Now we can simply read data from the document directly. Get all of Brad Pitt’s movies with
actors.doc('bradpitt') and vice versa.
Rather than keep track of an ID in a root collection, you can also model many-to-many by combining a subcollection with embedded data. See this one in action in the Group Chat model below.
Now let’s look at some real world data models. Likes, Hearts, Thumbs-Up, and Votes are very common relational features in web development and usually need to scale to millions of records. Here’s what our data relationships look like:
- One-to-Many: User to Tweets
- Many-to-Many: Tweets to Users through Likes
Users (root collection): Basic profile information about a user.
Likes (root collection): Likes is the middle-man collection that must have both a
tweetId to maintain a Many-to-Many relationship.
Tweets (root collection): Tweets must have a
userId property because they belong to a user. We will also use aggregation to save a total
likeCount directly on the document.
The only issue with this model is that it doesn’t scale if you need to count millions of likes. To solve this problem, I created a video about Firestore data aggregation that uses a cloud function to sum up data as needed. We could use it increment or decrement the
likeCount property on a tweet when they are created or deleted.
Get all tweets liked by a user:
db.collection('likes').where('userId', '==', userId)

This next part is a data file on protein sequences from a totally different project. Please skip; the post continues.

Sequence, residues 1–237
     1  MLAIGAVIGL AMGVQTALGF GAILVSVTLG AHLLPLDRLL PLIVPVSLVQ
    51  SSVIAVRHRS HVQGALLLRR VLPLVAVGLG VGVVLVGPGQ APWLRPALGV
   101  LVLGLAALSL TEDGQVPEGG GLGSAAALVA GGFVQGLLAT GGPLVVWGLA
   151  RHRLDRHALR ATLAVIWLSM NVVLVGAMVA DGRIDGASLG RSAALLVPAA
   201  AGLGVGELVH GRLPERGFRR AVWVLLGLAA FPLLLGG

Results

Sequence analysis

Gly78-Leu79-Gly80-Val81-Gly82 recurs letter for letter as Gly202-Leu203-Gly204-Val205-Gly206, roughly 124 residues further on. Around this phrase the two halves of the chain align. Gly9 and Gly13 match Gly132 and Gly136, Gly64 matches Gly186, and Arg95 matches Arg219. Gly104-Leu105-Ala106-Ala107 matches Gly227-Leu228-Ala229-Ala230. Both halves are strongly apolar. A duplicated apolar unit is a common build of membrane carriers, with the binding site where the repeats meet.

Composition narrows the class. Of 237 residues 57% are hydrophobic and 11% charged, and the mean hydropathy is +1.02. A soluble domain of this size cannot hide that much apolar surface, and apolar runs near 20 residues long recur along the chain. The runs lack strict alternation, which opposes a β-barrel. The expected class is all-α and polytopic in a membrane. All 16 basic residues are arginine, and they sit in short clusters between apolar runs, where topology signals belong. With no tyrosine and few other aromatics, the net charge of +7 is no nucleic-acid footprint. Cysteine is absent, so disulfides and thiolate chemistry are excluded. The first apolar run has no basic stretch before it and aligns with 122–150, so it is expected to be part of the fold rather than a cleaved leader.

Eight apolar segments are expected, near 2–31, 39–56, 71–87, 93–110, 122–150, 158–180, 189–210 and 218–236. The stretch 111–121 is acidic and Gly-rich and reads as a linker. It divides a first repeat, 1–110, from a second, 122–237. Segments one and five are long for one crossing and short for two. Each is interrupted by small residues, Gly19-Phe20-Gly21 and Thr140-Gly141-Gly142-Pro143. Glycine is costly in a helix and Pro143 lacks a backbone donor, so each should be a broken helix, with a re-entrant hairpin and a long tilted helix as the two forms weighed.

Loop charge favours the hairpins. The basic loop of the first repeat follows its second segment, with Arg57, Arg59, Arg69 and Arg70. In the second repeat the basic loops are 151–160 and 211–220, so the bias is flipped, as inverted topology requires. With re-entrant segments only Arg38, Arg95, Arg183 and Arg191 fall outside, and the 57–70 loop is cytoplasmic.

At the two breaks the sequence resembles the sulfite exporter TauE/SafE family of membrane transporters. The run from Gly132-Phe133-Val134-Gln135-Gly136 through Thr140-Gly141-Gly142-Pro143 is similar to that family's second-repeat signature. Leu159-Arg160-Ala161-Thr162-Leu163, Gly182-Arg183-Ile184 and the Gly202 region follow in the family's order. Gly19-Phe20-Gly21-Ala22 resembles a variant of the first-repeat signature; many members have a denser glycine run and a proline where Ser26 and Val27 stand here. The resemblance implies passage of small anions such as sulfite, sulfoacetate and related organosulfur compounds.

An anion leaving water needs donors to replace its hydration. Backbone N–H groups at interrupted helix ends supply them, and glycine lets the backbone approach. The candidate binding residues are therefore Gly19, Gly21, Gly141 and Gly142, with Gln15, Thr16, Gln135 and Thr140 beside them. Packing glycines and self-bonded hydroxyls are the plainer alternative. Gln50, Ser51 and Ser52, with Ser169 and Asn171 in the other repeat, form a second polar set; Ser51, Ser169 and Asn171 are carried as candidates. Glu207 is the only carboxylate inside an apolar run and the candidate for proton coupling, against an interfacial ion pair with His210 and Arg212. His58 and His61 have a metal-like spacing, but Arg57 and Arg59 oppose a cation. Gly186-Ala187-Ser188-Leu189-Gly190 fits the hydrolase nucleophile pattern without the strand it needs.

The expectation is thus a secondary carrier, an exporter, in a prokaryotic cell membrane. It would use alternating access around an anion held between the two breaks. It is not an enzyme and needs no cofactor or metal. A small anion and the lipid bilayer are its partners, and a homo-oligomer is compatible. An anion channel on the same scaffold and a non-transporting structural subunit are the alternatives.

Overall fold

Get the total amount of likes for tweet (assuming you aggregate):
Get a user’s tweets:
db.collection('tweets').where('userId', '==', userId)
The next model we’ll look at is a group chat app because this is so common in Firebase apps. Let’s imagine we’re building an app similar to Slack in this example. Here we have:
- One-to-Many: Chat to Users via embedding
- Many-to-Many: Messages to Users via the Chats Subcollection
Users (root collection): Basic profile information about a user.
Chats (root collection): A channel contains basic information about the channel itself, as well as an object of it’s members. The members object is important because it allows us to query all channels that a member belongs to.
Messages (sub collection of a channel): It is unlikely that we will need to query messages across multiple channels, so they are best organized as a subcollection of a channel. We can also reference the user on each document, which sets up a many-to-many relationship.
Get all channels that a user belongs to:
db.collection('chats').where('users.someUserId', '==', true)
Get all messages in a channel ordered by createdAt:
Get a user profile from a message they posted:
I have a bunch of other data models sketched out for real-world features such as a shopping cart, follower system, threaded comments, and more. Keep your eyes pealed for a follow up with more advanced data structures in the near future.